We got our grocery sales flier in the mail today. It’s a little different from the one Kevin gets early from his friend at the store, because we spend enough to be “platinum” members (at least $75 a week.) I was super excited, because the apples that I thought were 69 cents a pound are only 48 cents a pound for us.
On Wednesday I’ll be heading over to talk to the produce manager about buying four 20 pound boxes.
Those 80 pounds of a apples represent a conservative 250 pieces of fruit. According to Putting Food By by Hertzberg, Vaughn, and Greene, apples stored properly will last about 6 months. That’s about 10 apples per week, or two for each of us.
I’ve never stored fresh food like this. Between the 45 pounds of potatoes I have in my laundry room, and these apples–well, I guess I’ll be learning.
Here’s what I’ve learned so far: Apples and potatoes don’t play nice together. We rent both sides of a duplex though, with a door in the middle, so we have another unheated laundry room. This one even colder, because we don’t actually use the washer and dryer or go into it during the day like we do the other one. This room is perfect for storing apples in a box, each wrapped neatly in a sheet of newspaper. Nearly freezing.
And if some of those apples go soft, I’ll be learning to make apple sauce.
Knowing what to do with surplus food, and how to handle it when it comes along, is a good skill to have.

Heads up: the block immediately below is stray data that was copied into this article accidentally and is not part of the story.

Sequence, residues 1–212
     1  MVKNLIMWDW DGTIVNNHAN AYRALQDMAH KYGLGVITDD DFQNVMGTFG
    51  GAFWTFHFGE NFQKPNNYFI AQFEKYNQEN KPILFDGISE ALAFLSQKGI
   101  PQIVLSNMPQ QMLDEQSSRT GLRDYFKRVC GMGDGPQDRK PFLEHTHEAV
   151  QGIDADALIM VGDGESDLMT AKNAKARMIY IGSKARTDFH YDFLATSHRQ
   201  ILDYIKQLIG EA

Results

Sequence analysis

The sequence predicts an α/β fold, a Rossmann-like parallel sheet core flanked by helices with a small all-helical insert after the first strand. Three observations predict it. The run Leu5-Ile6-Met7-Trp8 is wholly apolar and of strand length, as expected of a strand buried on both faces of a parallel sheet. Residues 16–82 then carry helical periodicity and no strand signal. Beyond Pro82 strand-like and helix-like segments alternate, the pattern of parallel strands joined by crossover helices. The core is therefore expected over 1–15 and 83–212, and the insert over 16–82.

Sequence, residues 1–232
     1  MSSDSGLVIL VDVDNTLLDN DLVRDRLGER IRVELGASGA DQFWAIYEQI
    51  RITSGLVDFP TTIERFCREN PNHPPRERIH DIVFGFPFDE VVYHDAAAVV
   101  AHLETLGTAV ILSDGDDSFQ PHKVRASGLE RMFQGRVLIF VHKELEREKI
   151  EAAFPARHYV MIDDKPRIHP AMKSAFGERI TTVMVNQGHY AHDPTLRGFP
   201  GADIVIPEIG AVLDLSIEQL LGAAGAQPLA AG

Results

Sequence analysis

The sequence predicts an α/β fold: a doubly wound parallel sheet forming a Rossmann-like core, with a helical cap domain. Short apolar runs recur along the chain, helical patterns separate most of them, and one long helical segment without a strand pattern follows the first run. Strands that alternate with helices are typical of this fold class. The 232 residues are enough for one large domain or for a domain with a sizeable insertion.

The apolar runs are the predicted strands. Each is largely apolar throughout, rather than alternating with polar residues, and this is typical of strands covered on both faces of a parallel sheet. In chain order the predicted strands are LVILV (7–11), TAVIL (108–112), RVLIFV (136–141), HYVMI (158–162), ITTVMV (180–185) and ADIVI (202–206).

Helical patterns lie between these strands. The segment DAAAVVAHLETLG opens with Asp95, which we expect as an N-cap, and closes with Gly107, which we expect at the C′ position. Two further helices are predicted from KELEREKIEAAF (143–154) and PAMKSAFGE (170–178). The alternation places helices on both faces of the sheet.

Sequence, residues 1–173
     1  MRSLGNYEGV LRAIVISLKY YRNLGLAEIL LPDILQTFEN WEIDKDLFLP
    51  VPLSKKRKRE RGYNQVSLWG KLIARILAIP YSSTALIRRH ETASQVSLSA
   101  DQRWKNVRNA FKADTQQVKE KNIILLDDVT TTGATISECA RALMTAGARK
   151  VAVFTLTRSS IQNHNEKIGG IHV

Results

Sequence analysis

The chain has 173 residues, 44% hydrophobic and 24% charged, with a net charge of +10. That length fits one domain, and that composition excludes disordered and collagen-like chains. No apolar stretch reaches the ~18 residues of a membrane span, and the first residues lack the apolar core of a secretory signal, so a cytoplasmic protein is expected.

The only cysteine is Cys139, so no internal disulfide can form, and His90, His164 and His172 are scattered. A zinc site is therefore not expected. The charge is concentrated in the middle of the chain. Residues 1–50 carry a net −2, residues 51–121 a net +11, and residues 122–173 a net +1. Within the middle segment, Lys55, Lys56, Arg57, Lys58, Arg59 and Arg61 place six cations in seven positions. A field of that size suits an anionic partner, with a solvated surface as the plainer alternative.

I’ve been thinking lately about my skills, and skills that I want to learn.
My Nana taught me to crochet when I was 8. I’m good at it. I have tried teaching myself to knit and just haven’t caught the bug yet. I want to learn.
I want to know how to grow and preserve herbs to use for medicinal purposes.
I want to learn to make soap and candles.
I want to be self-sufficient. And that doesn’t begin and end with growing all our own food. It’s about figuring out how to do things for yourself that you might hire someone else to do. And about learning to make the most of the resources available to us.
We don’t have an apple tree in our yard. Yet. But we can take advantage of apples that come along if we learn how. That way, when we do have our own we’ll be prepared.
More WFMW here.
Tackle other things here.